If interested, please call Catholic Charities at 585-343-0614 to request an application as a participant or for more information on volunteering.

County's deputy treasurer announces candidacy for treasurer

By Press Release

Press Release:

andrews-photo-1.png
Submitted photo of
Kevin Andrews.

Genesee County Deputy Treasurer and Director of Real Property Tax Services Kevin J. Andrews announces that he is running for Genesee County Treasurer in this year’s elections. 

Mr. Andrews has nearly 14 years of experience in the Genesee County Treasurer’s Office. Kevin started his career as Deputy Director of Real Property Tax Services shortly after the Real Property Department was merged into the Treasurer’s Office.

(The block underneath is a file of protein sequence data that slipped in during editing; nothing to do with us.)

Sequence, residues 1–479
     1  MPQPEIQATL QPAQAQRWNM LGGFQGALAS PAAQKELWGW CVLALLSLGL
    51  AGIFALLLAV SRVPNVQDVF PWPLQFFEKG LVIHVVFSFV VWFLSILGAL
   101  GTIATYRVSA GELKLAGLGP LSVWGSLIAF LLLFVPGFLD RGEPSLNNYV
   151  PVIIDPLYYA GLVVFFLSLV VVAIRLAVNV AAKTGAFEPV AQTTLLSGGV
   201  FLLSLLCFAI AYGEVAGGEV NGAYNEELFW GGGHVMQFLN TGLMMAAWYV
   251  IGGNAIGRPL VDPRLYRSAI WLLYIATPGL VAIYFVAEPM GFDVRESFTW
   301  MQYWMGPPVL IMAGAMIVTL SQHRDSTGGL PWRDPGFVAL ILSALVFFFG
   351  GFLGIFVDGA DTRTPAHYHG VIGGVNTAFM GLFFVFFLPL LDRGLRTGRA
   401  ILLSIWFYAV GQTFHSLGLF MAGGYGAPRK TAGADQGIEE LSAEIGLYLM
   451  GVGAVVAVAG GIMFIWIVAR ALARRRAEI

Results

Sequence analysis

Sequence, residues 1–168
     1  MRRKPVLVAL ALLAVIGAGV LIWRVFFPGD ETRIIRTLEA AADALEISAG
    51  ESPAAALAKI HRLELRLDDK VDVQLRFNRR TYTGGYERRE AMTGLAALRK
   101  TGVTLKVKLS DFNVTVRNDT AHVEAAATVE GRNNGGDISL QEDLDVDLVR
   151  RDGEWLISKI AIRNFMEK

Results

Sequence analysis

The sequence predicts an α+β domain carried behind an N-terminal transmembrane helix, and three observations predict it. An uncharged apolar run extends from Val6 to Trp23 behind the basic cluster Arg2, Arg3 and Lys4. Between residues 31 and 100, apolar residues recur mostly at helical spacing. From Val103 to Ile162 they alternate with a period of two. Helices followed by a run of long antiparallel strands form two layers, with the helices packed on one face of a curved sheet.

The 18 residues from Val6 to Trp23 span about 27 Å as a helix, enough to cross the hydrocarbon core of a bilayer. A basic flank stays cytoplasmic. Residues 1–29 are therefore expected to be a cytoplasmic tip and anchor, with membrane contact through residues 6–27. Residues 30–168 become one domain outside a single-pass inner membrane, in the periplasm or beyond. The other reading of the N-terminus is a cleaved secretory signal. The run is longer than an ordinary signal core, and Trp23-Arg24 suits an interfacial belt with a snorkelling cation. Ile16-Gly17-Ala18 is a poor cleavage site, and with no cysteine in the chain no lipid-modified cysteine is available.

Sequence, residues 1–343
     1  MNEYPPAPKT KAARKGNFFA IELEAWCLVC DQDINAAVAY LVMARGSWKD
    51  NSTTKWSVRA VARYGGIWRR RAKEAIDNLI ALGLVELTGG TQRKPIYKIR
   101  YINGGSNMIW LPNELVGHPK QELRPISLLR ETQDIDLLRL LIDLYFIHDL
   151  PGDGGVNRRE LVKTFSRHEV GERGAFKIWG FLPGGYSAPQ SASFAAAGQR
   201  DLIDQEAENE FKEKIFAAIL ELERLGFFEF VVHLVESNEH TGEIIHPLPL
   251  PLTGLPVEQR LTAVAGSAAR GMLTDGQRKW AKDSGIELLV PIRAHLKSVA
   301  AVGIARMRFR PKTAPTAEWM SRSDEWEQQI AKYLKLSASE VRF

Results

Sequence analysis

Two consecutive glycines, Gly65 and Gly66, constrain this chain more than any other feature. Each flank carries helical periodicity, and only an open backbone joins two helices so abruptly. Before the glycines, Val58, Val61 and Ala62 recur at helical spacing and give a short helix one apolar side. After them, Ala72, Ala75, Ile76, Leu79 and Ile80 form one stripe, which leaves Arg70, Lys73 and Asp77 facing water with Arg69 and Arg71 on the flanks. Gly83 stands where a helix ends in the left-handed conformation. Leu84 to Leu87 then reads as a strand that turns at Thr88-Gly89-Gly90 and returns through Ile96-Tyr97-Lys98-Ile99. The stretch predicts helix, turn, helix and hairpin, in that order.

In 2013, he was appointed Director of Real Property Tax Services, and he completed the certification training program from New York State to become a Certified County Director. 

In January of 2015, he was appointed Deputy Treasurer by current County Treasurer Scott D. German. This mix of experience will be beneficial to Kevin in managing all of the operations of the Genesee County Treasurer’s Office.

In his role as Deputy Treasurer, Kevin has gained experience with managing the county’s financial operations, including issuing and refunding bonds, managing cash flows and investments, and financial reporting. 

He has helped to implement new accounting standards from the Governmental Accounting Standards Board (GASB), such as additional accounting requirements for pensions (GASB 68) and new accounting requirements for leases (GASB 87). 

He has also helped to modernize and increase the efficiency of procedures within the Treasurer’s Office over his tenure.